Although Russia has pushed the idea of ​​using cryptocurrencies for cross-border payments, the exact digital asset that the government plans to adopt for such transactions remains unclear.

Russian authorities are unlikely to approve the use of cryptocurrencies such as Bitcoin (BTC) in cross-border transactions, according to local lawyers and fintech executives.

The Bank of Russia needs to control cross-border transactions
According to Elena Klyochareva, a senior associate at the local law firm KKMP, allowing Russia to generate Bitcoin or any other similar cryptocurrency for cross-border payments is “extremely questionable” because such assets are “difficult to control.”

Klyuchareva emphasized that the draft amendments to the legislation on cross-border cryptocurrency payments are not yet available, while reports only indicate that the Bank of Russia and the Ministry of Finance have agreed on a common approach to this issue.

The lawyer told Cointelegraph that the cryptocurrency that Russia uses for cross-border payments will likely be domestic, so Russian regulators can properly monitor and control these transactions. It also suggested that only major institutional players – such as banks – would be able to comply with the requirement to make cross-border payments.

USDT and USDC questionable as US stablecoins are issued
According to Edward Davydov, Senior Partner at Emet Law Firm, Russia should opt for a cryptocurrency for cross-border settlement while eliminating all potential pressure from other countries. As such, cryptocurrencies issued in the US, including major stablecoins such as Tether (USDT) or USD Coin (USDC), “will not meet these requirements,” Davidoff hypothesized.

Being the world’s most decentralized cryptocurrency, Bitcoin may seem more appropriate in such a context, but BTC is also associated with a number of issues such as high volatility and limited scalability as well as exposure to global sanctions. “Full address matrices may be subject to penalties when dealing with coins that will be considered ‘dirty’ and counterparties may choose not to transact with these addresses or coins,” Davidoff noted.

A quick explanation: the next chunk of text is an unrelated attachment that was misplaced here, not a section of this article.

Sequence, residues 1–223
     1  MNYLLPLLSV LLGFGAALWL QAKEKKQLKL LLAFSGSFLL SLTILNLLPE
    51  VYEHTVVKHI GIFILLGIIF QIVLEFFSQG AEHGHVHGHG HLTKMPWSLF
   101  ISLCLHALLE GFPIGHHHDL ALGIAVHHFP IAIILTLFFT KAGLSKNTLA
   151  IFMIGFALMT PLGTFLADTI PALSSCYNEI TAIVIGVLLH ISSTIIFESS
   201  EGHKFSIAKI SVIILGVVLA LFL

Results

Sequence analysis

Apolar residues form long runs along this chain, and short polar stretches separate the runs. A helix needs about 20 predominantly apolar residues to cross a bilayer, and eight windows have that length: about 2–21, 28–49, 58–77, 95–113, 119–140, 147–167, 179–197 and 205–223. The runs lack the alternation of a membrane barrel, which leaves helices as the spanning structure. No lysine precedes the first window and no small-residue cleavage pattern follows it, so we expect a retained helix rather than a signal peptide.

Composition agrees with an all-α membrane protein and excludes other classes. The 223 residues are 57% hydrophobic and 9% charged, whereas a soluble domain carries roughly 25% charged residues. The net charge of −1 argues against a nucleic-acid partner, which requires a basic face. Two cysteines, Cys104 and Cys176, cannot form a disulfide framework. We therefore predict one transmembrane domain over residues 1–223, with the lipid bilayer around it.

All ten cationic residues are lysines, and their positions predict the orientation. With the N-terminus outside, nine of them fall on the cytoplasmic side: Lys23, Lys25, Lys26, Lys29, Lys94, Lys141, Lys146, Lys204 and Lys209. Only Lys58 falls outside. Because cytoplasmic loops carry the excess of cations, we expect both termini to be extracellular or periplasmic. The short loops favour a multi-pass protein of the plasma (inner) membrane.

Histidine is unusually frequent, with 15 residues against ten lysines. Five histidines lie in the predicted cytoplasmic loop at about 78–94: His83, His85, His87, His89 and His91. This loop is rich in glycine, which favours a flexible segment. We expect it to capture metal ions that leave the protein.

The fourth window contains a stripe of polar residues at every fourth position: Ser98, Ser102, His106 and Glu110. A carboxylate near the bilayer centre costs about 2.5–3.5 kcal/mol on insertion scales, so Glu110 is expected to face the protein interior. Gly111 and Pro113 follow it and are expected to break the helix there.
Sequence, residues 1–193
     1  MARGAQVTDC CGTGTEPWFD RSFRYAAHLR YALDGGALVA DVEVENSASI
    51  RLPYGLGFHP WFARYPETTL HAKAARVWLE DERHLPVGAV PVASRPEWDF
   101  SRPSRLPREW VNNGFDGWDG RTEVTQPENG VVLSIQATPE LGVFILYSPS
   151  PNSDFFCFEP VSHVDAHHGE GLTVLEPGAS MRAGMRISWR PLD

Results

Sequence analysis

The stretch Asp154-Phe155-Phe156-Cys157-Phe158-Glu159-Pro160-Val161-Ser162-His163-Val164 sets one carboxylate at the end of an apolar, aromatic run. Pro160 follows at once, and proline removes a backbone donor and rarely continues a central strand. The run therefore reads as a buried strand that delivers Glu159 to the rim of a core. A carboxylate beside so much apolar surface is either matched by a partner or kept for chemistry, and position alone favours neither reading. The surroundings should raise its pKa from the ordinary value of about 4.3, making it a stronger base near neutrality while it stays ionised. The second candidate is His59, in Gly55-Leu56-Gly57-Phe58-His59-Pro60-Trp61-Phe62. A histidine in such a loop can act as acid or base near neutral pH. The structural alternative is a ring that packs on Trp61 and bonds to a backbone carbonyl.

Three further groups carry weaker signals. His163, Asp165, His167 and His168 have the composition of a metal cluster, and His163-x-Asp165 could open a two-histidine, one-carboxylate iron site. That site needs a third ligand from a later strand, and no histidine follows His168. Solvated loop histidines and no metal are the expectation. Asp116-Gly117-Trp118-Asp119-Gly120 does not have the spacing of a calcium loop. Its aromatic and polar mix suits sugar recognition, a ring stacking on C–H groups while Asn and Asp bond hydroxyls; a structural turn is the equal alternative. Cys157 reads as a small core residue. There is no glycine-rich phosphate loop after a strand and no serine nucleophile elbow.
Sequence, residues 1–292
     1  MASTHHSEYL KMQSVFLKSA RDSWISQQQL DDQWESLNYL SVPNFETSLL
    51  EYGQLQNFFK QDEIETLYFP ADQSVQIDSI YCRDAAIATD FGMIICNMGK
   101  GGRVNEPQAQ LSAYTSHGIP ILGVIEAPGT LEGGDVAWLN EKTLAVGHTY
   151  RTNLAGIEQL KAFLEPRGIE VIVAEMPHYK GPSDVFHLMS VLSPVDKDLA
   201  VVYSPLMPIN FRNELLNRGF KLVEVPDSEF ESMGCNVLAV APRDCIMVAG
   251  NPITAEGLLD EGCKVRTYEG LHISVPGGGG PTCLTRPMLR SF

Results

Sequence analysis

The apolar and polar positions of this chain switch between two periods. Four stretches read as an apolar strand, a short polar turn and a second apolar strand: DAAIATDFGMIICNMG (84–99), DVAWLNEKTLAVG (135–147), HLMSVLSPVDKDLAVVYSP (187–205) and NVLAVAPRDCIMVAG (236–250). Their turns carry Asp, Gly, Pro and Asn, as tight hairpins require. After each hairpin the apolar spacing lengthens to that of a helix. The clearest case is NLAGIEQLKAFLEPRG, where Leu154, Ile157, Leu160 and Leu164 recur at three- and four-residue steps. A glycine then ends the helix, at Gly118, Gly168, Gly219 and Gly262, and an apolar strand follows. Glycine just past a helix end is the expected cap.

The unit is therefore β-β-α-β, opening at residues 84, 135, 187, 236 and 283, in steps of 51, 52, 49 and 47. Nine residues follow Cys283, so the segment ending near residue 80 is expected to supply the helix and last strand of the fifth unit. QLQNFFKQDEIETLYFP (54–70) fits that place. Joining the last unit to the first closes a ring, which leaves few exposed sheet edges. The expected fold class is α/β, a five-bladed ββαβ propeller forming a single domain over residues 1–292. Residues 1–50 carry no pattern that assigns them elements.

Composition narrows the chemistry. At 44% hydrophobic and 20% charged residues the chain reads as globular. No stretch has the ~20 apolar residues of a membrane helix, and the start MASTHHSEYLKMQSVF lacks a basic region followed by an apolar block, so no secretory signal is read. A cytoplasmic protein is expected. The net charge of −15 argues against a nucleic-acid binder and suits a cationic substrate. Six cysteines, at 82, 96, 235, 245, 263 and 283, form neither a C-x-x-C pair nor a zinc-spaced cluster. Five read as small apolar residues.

Bitcoin looks decent due to its decentralized nature, but volatility is very high
Sergei Mendeleev, CEO and co-founder of InDeFi Smart Bank, believes that decentralized cryptocurrencies like Bitcoin would only be a good option for cross-border crypto payments in Russia if they were less volatile.

Mendeleev also said that it was difficult to imagine a situation in which foreign companies would accept payments in a Russian cryptocurrency pegged to the ruble. “In any case, companies will be able to convert any currency to Bitcoin, or to Tether with a single click,” he added.

The CEO also expressed his hope that Russian regulators will have enough courage to allow foreign economic activity to share “at least US dollar stablecoins on major blockchains.” Mendeleev stressed that in September 2022 InDeFi Smart Bank announced the creation of a decentralized crypto-ruble project in order to completely simplify this idea.

Iran is one of the few countries that have similar experience around the world
Russia is among the few countries in the world that allow cross-border crypto payments while banning local crypto payments along with local crypto exchanges. However, there are a few countries that can serve as an example of a government taking a similar approach to cryptocurrencies.

Davidoff suggested that Iran, which is under US sanctions, might be a good example of this, referring to the approval of Iran’s Ministry of Industry, Mines and Trade to use cryptocurrencies for imports in late August. The Iranian authority said the new measures are aimed at helping Iran ease global trade sanctions that have essentially isolated the country from the global banking system.

A senior government trade official reported that Iran submitted its first international import order in August using a $10 million digital currency. The official did not specify the exact digital currency used in the transaction.

Meanwhile, Iran still does not officially allow its residents to pay using cryptocurrencies such as Bitcoin. The Central Bank of Iran first banned the use of digital currencies for payments within the country in its draft crypto regulations as of 2019. As with Russia, investing in digital currencies remains illegal in Iran.

Domestic payments in cryptocurrency are still prohibited in Iran. The local government has repeatedly claimed that it has implemented cryptography for international transactions.”

Related: Russia aims to use CBDC for international settlements with China: Report

As previously reported, the Russian government has become increasingly interested in adopting cross-border payments in cryptocurrencies amid Western economic sanctions in the wake of the Russian invasion of Ukraine. The Bank of Russia and the Ministry of Finance are cooperating on policies and rules to allow such payments, while the Central Bank confirmed

Source: CoinTelegraph